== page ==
Finally, masks still have a role to play in certain circumstances. In the US, the Center for Disease Control recently changed its guidance so that everyone—not just the unvaccinated—should wear a mask indoors in places with high levels of transmission.  Their new guidance was based on data suggesting that if a vaccinated person becomes infected, the cycle threshold value—an indication of how much virus a person is carrying—may be the same as in an unvaccinated infected person.  Some US universities, such as Duke University, are mandating indoor masking along with vaccination. 
Public opinion in the UK and US remains favorable towards maintaining facemasks, particularly in crowded settings. [20,21] Social distancing in large classrooms should be retained in certain circumstances (e.g. where local community rates are high). Where this is not possible, and where large group classrooms (e.g. lectures) are deemed pedagogically important, masks should be required as a precautionary measure for the initial phase after reopening.
Simon Williams is senior lecturer in people and organisation in the School of Management in Swansea University, and adjunct assistant professor in the Department of Medical Social Sciences in the Feinberg School of Medicine at Northwestern University, Chicago. Twitter @drsimonwilliams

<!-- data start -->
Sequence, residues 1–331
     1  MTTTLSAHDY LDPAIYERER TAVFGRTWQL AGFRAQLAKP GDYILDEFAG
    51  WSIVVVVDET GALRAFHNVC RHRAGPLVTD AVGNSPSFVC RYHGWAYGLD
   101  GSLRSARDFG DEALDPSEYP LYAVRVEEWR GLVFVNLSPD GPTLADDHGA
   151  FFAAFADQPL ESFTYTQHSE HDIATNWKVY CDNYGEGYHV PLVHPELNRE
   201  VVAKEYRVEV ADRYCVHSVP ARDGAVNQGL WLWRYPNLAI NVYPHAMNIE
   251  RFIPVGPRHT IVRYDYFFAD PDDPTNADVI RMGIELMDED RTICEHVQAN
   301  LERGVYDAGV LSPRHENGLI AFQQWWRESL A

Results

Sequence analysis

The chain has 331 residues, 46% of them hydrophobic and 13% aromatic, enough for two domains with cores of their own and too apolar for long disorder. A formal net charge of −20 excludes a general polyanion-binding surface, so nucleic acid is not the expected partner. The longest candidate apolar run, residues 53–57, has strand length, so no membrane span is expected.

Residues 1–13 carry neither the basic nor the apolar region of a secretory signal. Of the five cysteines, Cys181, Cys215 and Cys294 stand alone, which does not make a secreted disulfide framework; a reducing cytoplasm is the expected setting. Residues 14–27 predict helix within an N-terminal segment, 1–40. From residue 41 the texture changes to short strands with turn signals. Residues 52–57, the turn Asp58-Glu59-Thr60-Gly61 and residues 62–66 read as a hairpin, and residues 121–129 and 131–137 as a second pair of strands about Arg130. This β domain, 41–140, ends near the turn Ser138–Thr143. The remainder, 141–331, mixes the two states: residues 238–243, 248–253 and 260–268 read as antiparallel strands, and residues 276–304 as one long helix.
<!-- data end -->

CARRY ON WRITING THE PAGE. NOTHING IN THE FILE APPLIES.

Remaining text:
Gavin Yamey, professor of global health and public policy, Center for Policy Impact in Global Health, Duke Global Health Institute, Duke University, Durham, NC, USA. Twitter @GYamey
Competing interests: GY is a signatory to the People’s Vaccine campaign and is a funding member of Amnesty International, one of the members of the People’s Vaccine Alliance. He was a member of the COVID-19 Vaccine Development Taskforce, hosted by the World Bank, and participated as an academic unpaid adviser in the consultation process that led to the launch of COVAX. He has received grant funding from the WHO, Gavi, the Vaccine Alliance, and the Bill & Melinda Gates Foundation. SW has no competing interests to report.